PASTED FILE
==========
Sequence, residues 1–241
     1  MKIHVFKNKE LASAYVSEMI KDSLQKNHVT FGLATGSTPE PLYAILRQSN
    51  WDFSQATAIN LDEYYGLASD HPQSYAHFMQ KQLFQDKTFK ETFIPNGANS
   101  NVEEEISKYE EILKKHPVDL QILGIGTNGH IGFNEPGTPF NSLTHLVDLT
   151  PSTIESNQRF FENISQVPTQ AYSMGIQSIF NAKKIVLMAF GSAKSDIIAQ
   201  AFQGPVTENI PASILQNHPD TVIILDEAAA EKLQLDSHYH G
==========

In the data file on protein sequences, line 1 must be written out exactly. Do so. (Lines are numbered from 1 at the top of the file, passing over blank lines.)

Sequence, residues 1–241